Models of nucleotide substitution make many simplifying assumptions about the evolutionary process, including that the same process acts on all sites in an alignment and on all branches on the phylogenetic tree. Many studies have shown that in reality the substitution process is heterogeneous and that this variability can introduce systematic errors into many forms of phylogenetic analyses. I propose a new rigorous approach for describing heterogeneity called a temporal hidden Markov model (THMM), which can distinguish between among site (spatial) heterogeneity and among lineage (temporal) heterogeneity. Several versions of the THMM are applied to 16 sets of aligned sequences to quantitatively assess the different forms of heterogeneity acting within them. The most general THMM provides the best fit in all the data sets examined, providing strong evidence of pervasive heterogeneity during evolution. Investigating individual forms of heterogeneity provides further insights. In agreement with previous studies, spatial rate heterogeneity (rates across sites [RAS]) is inferred to be the single most prevalent form of heterogeneity. Interestingly, RAS appears so dominant that failure to independently include it in the THMM masks other forms of heterogeneity, particularly temporal heterogeneity. Incorporating RAS into the THMM reveals substantial temporal and spatial heterogeneity in nucleotide composition and bias toward transition substitution in all alignments examined, although the relative importance of different forms of heterogeneity varies between data sets. Furthermore, the improvements in model fit observed by adding complexity to the model suggest that the THMMs used in this study do not capture all the evolutionary heterogeneity occurring in the data. These observations all indicate that current tests may consistently underestimate the degree of temporal heterogeneity occurring in data. Finally, there is a weak link between the amount of heterogeneity detected and the level of divergence between the sequences, suggesting that variability in the evolutionary process will be a particular problem for deep phylogeny. © The Author 2008. Published by Oxford University Press on behalf of the Society for Molecular Biology and Evolution. All rights reserved.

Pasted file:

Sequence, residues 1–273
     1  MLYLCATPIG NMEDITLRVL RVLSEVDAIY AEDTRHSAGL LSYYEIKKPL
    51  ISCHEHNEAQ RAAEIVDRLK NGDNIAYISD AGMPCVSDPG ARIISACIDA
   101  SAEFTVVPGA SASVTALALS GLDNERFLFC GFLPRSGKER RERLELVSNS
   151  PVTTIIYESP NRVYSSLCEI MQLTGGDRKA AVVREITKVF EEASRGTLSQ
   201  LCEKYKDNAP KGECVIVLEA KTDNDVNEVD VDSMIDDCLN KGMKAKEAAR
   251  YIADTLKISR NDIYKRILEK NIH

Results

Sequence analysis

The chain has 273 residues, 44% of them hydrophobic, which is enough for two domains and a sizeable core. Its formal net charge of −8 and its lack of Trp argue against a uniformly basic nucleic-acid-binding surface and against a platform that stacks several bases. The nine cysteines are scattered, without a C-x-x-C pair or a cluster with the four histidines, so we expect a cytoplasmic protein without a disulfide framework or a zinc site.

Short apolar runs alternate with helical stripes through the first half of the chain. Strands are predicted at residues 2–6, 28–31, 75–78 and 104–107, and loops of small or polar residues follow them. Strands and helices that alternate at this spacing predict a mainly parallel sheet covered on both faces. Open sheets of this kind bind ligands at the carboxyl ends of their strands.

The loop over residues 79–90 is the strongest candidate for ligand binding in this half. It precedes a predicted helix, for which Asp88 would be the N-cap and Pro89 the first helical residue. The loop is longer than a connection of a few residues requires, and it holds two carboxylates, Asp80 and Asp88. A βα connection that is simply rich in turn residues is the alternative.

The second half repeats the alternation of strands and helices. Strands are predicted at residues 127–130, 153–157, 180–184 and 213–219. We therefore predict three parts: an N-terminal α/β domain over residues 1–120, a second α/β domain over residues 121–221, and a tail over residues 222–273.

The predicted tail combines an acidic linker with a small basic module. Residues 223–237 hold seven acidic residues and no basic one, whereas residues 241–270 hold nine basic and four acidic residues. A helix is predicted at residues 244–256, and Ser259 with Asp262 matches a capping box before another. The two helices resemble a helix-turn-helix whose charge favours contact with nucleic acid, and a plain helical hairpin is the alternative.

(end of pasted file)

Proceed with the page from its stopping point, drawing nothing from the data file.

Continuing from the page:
- Maximum likelihood
- Temporal hidden Markov models